Ravens improving in the red zone

OWINGS MILLS – Infuriated after being stonewalled repeatedly in the red zone by the Indianapolis Colts earlier this season, the Baltimore Ravens have taken on a hard-nosed mentality when it comes to running the football down by the goal line. "We want to get after them," offensive guard Marshal Yanda said. "You just want to be physical and play power football."

During the Ravens' 17-15 loss in November to the Colts, they were embarrassed when they gained a first-and-goal at the Colts' one-yard line in the fourth quarter and squandered the prime scoring opportunity.

First, quarterback Joe Flacco went nowhere on a sneak.

And then running back Willis McGahee was tackled twice in a row for no gain as he had nowhere to run during the dramatic goal-line stand as Baltimore was forced to settle for a 20-yard Billy Cundiff field goal.

The Ravens were unable to budge defensive tackle Dan Muir, who slammed Pro Bowl fullback Le'Ron McClain for a two-yard loss on a third-and-one at the Colts' 12-yard line earlier in the game. And they had no answers for the penetration of linebackers Gary Brackett and Clint Session.

The Ravens wound up kicking five field goals with no touchdowns. In four red-zone trips, they were limited to two field goals, one missed field goal as well as Flacco's interception to Brackett late in the fourth quarter.

Since that game, a lot has changed for the Ravens. Heading into Saturday night's AFC divisional playoff against the Colts (14-2) at Lucas Oil Stadium, the Ravens (10-7) have become much more of a heavy-duty offense literally in the trenches.

Following the first Colts game where Baltimore rushed for just 98 yards on 31 carries as Pro Bowl runner Ray Rice needed 20 carries to reach 71 yards, Yanda replaced Chris Chester in the starting lineup.

Now, the Ravens rank 11th in the league in red-zone offense having converted 52.6 percent of their 57 possessions for 30 touchdowns.

"How far have we come?" center Matt Birk said. "I don't know. It's always a work in progress. If you have a successful game and you score touchdowns in the red zone ever time, it's not like, ‘Oh, okay, we've got it fixed.'

"Every week is a new challenge. Every defense is a new challenge. Obviously, it's always, no matter who we're playing, it's always a point of emphasis."

The Ravens trampled the New England Patriots during a 33-14 AFC wild-card victory Sunday where they rushed for 234 yards and four touchdowns on 52 carries.

"One thing we've done is that we've established that we're going to run the football when we want to run the football," Rice said. "We'll pass when we want to pass, but all starts upfront.

"They're tougher on short yardage and goal-line stuff than in the open field, and you have to score seven against that team because if you give Peyton Manning any kind of chance, he's capable of lighting the scoreboard up."

Against the Patriots, Rice rushed for 159 yards and two touchdowns with McGahee contributing 62 yards and a score.

"They feel like they can pound the ball with two great running backs," Colts defensive end Raheem Brock told Indianapolis reporters. "We want to shut that down early and put the ball in the quarterback's hands and see what he does with it."

During Sunday's win at Gillette Stadium, the Ravens lined up several times in a goal-line package devised by offensive coordinator Cam Cameron that includes several 300-pounders, including 6-foot-4, 345-pound defensive tackle Haloti Ngata as well as Chester as extra tight ends.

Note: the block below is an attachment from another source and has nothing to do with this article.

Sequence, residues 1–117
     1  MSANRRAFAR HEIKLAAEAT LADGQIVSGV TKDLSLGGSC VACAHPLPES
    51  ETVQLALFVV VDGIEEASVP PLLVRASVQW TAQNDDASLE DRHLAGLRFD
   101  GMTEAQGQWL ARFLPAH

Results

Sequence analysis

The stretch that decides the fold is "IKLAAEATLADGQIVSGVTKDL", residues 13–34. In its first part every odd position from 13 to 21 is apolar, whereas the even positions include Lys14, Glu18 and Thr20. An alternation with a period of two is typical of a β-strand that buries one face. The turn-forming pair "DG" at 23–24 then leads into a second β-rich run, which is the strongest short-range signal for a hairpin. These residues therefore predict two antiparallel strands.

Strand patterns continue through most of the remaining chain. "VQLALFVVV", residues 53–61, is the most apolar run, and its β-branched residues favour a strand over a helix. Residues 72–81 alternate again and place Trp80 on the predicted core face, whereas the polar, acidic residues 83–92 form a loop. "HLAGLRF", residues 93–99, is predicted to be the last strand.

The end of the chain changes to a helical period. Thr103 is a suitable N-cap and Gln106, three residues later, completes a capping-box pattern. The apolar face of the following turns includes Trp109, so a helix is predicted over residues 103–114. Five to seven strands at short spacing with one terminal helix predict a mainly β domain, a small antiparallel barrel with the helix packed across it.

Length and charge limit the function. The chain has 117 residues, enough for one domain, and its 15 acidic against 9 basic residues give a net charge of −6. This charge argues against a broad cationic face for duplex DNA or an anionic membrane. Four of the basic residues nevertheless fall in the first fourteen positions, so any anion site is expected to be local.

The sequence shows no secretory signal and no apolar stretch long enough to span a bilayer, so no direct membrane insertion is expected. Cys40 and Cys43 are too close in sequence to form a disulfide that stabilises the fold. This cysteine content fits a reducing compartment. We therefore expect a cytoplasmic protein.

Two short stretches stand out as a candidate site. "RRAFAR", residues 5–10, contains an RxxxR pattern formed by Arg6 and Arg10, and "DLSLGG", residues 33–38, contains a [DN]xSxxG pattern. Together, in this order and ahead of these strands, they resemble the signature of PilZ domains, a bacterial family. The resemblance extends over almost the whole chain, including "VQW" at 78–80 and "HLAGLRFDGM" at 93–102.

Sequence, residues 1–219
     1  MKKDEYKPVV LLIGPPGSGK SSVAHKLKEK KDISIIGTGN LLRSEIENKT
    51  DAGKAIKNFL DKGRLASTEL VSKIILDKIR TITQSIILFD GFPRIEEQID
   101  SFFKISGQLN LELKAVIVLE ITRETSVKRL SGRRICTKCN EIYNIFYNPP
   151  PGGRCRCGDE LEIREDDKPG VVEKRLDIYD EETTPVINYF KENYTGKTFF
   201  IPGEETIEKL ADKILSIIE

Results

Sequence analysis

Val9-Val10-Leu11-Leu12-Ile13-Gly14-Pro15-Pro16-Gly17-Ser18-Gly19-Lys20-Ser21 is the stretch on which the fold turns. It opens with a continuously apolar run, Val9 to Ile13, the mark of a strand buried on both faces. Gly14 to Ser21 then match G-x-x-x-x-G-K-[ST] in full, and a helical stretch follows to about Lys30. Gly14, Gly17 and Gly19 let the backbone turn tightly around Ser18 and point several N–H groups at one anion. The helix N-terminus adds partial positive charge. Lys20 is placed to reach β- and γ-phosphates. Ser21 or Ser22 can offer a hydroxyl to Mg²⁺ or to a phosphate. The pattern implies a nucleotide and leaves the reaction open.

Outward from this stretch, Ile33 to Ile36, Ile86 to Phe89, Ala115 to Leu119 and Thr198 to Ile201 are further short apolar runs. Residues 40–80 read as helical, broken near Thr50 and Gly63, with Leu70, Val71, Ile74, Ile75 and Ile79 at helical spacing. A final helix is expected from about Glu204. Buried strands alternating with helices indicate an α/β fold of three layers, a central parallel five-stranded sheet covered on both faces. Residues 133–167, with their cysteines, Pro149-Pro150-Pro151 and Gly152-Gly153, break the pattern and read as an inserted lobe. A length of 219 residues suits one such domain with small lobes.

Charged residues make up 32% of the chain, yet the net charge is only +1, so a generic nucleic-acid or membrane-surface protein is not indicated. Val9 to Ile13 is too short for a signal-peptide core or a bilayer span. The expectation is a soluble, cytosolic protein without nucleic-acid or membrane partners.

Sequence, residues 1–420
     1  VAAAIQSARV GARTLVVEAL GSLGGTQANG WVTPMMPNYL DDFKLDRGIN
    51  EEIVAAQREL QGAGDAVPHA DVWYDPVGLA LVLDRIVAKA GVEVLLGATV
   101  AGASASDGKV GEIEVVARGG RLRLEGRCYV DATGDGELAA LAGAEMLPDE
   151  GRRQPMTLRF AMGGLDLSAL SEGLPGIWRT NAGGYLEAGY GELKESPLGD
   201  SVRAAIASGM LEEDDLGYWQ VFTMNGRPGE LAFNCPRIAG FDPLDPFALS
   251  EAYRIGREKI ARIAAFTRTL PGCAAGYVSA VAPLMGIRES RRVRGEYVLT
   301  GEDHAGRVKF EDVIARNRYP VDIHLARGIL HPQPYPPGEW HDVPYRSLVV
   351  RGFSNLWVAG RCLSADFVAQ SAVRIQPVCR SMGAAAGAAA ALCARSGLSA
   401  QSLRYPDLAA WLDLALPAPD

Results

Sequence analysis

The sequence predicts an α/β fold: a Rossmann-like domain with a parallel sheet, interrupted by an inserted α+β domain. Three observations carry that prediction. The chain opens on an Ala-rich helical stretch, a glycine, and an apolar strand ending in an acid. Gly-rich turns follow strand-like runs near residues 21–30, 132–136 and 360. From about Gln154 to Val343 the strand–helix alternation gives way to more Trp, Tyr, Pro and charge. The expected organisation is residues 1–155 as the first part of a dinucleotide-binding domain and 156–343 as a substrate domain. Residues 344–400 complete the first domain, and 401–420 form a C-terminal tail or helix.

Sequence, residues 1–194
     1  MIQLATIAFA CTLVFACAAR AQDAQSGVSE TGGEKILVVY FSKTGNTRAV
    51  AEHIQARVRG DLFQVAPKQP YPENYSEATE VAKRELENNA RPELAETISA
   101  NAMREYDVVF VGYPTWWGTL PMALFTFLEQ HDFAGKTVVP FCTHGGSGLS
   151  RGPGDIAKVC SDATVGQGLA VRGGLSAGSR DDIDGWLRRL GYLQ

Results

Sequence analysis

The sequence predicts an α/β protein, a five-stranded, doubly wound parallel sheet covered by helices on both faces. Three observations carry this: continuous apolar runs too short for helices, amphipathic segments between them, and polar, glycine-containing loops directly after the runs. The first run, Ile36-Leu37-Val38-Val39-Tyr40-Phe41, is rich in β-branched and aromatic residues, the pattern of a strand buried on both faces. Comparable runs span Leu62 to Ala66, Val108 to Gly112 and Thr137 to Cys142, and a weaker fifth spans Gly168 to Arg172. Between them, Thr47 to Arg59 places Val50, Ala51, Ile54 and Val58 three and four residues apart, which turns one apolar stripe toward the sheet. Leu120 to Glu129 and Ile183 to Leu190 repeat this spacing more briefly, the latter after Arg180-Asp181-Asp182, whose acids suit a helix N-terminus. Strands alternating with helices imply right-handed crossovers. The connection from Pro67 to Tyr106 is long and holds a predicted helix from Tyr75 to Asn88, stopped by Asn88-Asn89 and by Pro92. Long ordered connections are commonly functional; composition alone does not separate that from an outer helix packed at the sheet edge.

The Ravens converted three of their five red-zone shots for touchdowns, including runs from McClain, Rice and McGahee from one, one and three yards out.

"That was just the package that we had in because coach Cameron, he saw something that he thought would work and it worked well," Birk said. "It's different every single week depending on who you're playing and what you've done previous weeks."

Indianapolis ranks 13th in red-zone defense, allowing opponents to score touchdowns 49 percent of the time.

"It's important to run the ball anywhere," coach John Harbaugh said. "It's important to run the ball in the red zone because the field contracts as far as throwing the ball. That's going to be a huge part of this football game, and that's where we've got to excel."

The Colts rank 24th against the run, allowing 126.5 yards per contest.

And the Ravens have built the NFL's fifth-ranked rushing attack, averaging 137.5 yards per game. "They give you lots of problems," Colts coach Jim Caldwell said during a conference call with Baltimore reporters. "Obviously, their offensive line is blocking extremely well. They're a physical bunch, and they did a great job of controlling the line of scrimmage. Yeah, they certainly do concern us."

When it comes to blocking the Colts, it involves dealing with a moving target.

The Colts have an extremely fast, undersized front seven. They stunt quite a bit and try to shoot gaps to penetrate the backfield.

"As much as you say physically, they're a team that moves around upfront," Rice said. "We've got to pick up their movement and capitalize when they move. When they move and slant upfront, we got to capitalize off that."

So, this matchup promises an encounter between the Colts' speedy, smaller linebackers and a hefty Ravens offense that features a 260-pound fullback in McClain to go with a large offensive line.

"They're hard to block, it's really hard to get on those guys," Harbaugh said. "They fly around and they're just tough to block. It's a very fast defense."

Ravens Insider Top Stories